Everyone sticks around, and everyone gets to cook at least twice.

Zac Young and Alex Guarnaschelli stand in the Beat Bobby Flay Holiday Throwdown kitchen
Zac Young and Alex Guarnaschelli competed as challengers on Beat Bobby Flay: Holiday Throwdown (Photo by Food Network)

So far—and spoiler alert for this paragraph and the next one, if you haven’t seen the first four episodes—the format has reunited Zac Young with the person who gave him his first pastry chef job, Alex Guarnaschelli, and resulted in teams like Brooke Williamson & Michael Voltaggio, and Bobby Flay & Damaris Phillips.

Somehow, Bobby Flay and his teammate have won each of their four battles to date, though not always with unanimous votes from the three-judge panel. Maybe he’s just the best, or, like Alex Guarnaschelli, has so much experience competing that it’s really his expertise.

While I’m a huge fan of blind judging on food competitions, I’ve found Beat Bobby Flay’s version to be weird, because the judges know Bobby Flay is one of the contestants (and very likely know his style), and he and the challenger stand there and make faces while the judges taste and decide. That hasn’t changed in Beat Bobby Flay: Holiday Throwdown.

For me, though, the reveal of the winner is the least-interesting part of Beat Bobby Flay: Holiday Throwdown; after all, there’s no money on the line, and I’ve already seen these chefs win and lose competitions.

Mostly, it works because it’s friendly but fierce competition between Food Network personalities. That makes it a spiritual cousin to the now-annual Tournament of Champions, Food Network’s best competition.

Besides the collaborations that take place, there’s a lot of playfulness between the chefs, whether it’s gentle trash-talking or just the fact that most everyone just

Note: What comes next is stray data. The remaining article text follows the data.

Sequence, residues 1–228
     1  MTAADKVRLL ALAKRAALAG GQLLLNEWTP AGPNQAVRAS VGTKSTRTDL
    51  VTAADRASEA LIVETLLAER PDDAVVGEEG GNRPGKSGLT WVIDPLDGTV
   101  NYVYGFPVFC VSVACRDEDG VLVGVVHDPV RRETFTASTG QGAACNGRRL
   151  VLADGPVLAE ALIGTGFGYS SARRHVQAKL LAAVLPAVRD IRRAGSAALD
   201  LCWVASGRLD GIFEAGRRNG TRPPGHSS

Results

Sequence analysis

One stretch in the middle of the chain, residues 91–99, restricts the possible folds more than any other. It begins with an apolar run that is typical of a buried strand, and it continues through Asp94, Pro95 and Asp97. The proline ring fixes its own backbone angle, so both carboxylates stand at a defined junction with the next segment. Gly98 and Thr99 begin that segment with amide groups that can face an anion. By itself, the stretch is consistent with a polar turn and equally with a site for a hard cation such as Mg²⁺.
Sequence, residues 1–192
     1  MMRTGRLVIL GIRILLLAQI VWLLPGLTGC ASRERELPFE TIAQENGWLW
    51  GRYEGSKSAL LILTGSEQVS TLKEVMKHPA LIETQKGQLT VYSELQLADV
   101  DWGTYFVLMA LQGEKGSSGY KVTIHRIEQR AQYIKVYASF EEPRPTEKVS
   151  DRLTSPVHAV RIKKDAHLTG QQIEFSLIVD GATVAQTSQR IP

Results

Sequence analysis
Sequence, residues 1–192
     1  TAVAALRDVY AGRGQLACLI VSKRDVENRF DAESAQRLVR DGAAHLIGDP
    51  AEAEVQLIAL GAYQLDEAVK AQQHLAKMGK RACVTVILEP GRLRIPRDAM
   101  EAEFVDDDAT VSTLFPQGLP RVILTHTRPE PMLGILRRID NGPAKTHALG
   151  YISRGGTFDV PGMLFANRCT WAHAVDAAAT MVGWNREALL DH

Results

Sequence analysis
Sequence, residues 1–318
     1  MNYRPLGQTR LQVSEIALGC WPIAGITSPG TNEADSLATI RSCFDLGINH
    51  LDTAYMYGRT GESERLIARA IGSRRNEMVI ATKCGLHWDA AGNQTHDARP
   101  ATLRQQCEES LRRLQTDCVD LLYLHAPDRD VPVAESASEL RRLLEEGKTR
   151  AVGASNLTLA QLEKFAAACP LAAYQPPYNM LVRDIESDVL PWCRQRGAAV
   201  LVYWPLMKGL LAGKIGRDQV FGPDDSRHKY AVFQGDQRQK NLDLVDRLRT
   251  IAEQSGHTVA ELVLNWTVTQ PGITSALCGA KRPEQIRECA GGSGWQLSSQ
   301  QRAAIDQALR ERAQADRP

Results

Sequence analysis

Bobby himself seems to be enjoying himself a lot more, whether with the ridiculous secret ingredient reveals (for example, a massive gift box with a tiny dish of escargot inside) or during his time cooking alongside one of the losers.

Even thought it filmed last spring, Beat Bobby Flay: Holiday Throwdown really has the flavors and warmth of the holidays, between the set decorations, ingredient selections (egg nog, sour cream, onions) and final challenges (stuffed turkey, yule log cake).

Best of all, it has friends and (work) family gathering around a kitchen and table to cook and eat and play together. That’s a great gift.

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About the author

  • Andy Dehnart

    Andy Dehnart is the creator of reality blurred and a writer and teacher who obsessively and critically covers reality TV and unscripted entertainment, focusing on how it’s made and what it means.

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Tuesday 6th of December 2022

So true! I'm enjoying this show more than I anticipated. The chefs are just having fun, while gently roasting Bobby. It's fun to watch!